Mount Vernon to Seattle
- Distance: 69 miles
- Routes: Marine Drive, Old Highway 99
- Estimated Driving time: 1.5 hours
The region produces some of the most abundant crops in western Washington. The black soil, rich in humus, frequently bears in a single season a succession of spinach, lettuce, onions, peas, and carrots without depleting the soil. Cabbage, beets, and turnips, and their seed, are important local yields.
Today this area is known for its Daffodil and Tulip fields, inspiring Skagit Valley’s most popular tourist attraction, the annual Tulip Festival.
Turbulent at their headwaters, the Skagit, the Stillaguamish, and the Snohomish Rivers become broad, sluggish, silt-laden rivers, which have built up broad deltas, cut by sloughs rank with cattails and tules. Occasionally a salt marsh is seen, where sea and silt battle for possession.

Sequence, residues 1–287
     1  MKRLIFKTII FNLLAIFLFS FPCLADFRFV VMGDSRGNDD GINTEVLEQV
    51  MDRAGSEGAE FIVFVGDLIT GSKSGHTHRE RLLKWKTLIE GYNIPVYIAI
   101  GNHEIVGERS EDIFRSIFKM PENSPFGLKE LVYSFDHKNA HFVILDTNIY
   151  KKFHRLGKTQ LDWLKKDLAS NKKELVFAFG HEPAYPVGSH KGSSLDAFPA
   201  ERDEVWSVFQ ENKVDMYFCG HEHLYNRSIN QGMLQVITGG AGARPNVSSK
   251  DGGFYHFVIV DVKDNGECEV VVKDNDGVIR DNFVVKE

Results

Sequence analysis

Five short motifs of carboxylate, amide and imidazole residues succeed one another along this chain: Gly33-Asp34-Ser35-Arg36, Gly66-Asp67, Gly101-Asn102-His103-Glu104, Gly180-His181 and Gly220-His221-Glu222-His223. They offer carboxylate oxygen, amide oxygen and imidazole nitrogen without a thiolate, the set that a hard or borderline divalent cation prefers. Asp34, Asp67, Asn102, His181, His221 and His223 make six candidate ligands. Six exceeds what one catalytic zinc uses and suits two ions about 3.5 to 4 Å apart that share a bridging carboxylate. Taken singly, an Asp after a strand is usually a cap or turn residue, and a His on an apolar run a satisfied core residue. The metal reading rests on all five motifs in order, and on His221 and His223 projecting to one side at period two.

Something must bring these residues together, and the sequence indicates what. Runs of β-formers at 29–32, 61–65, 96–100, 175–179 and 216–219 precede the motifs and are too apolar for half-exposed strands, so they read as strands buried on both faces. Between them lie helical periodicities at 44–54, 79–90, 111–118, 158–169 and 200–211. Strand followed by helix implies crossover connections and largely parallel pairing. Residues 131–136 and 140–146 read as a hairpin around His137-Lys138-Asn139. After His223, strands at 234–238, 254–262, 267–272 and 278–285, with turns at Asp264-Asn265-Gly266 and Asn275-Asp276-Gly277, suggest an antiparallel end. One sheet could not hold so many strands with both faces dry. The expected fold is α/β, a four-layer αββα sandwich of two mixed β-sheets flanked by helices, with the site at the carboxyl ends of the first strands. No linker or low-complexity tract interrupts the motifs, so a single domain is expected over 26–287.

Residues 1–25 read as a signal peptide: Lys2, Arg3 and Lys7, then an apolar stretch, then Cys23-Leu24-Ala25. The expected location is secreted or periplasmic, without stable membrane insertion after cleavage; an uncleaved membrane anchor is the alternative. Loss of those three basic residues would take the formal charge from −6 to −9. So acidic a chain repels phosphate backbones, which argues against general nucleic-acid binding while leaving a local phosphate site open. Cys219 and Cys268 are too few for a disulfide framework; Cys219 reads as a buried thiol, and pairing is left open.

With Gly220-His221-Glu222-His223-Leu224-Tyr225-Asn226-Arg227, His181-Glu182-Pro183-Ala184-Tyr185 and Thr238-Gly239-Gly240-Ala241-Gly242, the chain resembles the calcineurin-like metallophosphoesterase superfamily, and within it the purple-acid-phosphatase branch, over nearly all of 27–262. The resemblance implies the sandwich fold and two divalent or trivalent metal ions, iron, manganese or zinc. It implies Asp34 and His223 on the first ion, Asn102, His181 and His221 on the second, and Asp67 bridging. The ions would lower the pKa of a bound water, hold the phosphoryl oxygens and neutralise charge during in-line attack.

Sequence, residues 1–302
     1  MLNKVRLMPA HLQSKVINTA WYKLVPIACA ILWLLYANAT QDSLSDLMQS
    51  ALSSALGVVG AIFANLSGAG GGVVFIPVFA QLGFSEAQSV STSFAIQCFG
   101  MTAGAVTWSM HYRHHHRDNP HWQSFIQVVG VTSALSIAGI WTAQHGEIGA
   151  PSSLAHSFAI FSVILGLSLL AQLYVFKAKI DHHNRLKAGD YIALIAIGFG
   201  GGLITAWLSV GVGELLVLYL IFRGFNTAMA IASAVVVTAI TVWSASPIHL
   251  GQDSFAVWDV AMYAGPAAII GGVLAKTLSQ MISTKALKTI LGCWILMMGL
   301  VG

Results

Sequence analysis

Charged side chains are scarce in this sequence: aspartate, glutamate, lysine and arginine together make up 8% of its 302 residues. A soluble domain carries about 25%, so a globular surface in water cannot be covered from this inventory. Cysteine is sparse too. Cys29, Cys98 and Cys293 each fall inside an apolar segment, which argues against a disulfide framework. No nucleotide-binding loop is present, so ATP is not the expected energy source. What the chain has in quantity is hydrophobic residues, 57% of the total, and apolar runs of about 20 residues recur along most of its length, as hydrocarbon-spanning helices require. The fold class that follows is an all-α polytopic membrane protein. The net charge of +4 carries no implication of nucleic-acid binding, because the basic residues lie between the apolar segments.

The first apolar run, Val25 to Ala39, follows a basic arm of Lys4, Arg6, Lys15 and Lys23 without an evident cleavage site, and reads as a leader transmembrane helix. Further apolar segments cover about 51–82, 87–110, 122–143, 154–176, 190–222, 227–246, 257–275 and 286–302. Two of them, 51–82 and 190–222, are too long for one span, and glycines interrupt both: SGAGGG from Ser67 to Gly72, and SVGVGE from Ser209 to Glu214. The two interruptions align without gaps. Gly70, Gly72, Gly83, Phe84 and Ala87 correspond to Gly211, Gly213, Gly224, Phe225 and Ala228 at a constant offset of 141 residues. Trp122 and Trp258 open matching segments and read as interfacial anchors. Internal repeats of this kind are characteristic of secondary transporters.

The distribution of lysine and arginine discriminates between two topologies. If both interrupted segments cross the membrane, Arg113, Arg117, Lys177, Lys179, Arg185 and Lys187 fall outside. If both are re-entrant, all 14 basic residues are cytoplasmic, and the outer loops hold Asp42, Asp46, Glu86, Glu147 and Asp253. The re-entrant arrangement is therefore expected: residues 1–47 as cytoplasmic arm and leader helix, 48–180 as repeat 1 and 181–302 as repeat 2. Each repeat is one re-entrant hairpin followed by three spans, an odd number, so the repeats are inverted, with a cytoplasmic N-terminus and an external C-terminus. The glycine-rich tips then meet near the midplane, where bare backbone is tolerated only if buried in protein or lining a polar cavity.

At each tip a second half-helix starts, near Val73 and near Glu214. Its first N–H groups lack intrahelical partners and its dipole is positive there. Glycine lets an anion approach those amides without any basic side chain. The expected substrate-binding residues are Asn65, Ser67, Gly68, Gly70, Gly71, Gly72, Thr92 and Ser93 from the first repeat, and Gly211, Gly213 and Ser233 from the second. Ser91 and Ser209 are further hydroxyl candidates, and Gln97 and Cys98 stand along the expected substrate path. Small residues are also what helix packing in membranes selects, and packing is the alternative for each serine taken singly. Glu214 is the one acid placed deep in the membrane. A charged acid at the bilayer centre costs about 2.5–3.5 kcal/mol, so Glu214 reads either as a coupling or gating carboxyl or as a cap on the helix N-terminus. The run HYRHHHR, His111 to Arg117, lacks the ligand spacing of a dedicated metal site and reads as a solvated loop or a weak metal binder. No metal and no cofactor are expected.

The flatness of the land, in conjunction with the heavy rainfall and the melting mountain snows, often brought floods in early spring. Even before the forests were cut away the rivers frequently overflowed their banks, spreading desolation and destruction over the lowlands; and with the conversion of more and more land to agriculture, the threat of floods proportionately increased, so that the farmer came to look with apprehension at lowering clouds and the steady fall of the rain. He watched the swirling water rising, and not infrequently saw it spread its load of silt, debris, and uprooted trees over his pastures, maroon his stock, and at times even sweep away his house and barns. Today, much of the menace of these floods has been eliminated by the diking of river banks and the draining of sloughs.